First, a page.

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Long Hard Road Out of Hell

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"Long Hard Road Out of Hell"
Marilyn manson long hard road out of hell.png
Single by Marilyn Manson
from the album Spawn: The Album
Released November 11, 1997
Format CD single
Recorded 1997 at Unique Studios, New York City
Genre
Length 4:21
Label
Songwriter(s)
Producer(s)
Marilyn Manson singles chronology
"Apple of Sodom"
(1997)
"Long Hard Road Out of Hell"
(1997)
"The Dope Show"
(1998)
"Apple of Sodom"
(1997)
"Long Hard Road Out of Hell"
(1997)
"The Dope Show"
(1998)
Music video
"Long Hard Road Out of Hell" on YouTube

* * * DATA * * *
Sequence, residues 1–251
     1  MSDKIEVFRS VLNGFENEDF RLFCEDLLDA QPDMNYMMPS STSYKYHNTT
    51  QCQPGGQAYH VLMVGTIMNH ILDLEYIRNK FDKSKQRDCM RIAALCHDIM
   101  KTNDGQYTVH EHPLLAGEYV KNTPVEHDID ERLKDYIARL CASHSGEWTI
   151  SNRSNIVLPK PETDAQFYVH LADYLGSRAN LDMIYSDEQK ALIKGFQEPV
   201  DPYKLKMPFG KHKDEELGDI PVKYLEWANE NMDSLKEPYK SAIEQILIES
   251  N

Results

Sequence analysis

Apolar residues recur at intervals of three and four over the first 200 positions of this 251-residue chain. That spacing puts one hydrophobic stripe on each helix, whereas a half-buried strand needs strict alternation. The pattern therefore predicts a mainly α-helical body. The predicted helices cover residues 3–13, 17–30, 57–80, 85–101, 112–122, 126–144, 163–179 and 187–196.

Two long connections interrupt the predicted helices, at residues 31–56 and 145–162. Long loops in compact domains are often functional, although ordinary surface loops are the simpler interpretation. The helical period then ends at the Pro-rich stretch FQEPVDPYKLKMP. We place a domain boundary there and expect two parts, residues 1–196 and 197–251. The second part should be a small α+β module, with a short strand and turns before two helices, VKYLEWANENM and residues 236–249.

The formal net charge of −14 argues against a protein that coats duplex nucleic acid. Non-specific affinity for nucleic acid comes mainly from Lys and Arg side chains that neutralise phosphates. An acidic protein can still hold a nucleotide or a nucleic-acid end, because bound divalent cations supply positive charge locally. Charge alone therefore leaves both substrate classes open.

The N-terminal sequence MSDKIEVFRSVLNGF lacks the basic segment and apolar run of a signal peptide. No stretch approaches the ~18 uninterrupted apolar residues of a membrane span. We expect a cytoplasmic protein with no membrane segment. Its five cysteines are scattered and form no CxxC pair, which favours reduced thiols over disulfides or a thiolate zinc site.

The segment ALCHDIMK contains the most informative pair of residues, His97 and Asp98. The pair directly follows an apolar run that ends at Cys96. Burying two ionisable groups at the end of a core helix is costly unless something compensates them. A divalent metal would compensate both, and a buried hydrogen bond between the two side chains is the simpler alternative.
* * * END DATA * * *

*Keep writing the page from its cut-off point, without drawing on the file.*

"Long Hard Road Out of Hell" is a song by American rock band Marilyn Manson and British trip hop band Sneaker Pimps, released as a single from the soundtrack to the 1997 motion picture Spawn. An arena rock and gothic rock song, "Long Hard Road Out of Hell" was written by Marilyn Manson and Twiggy Ramirez and produced by Manson and Sean Beavan. Its lyrics are about self-loathing and its title is derived from John Milton's Paradise Lost (1667), after the track was written, the Sneaker Pimps' Kelli Ali was recruited to perform background vocals on it, as the Spawn soundtrack featured collaborations between hard rock artists and electronic music artists. The Sneaker Pimps were dissatisfied with the final track and wanted a remix of it to be released as a single instead; conversely, Manson deemed it a personal favorite.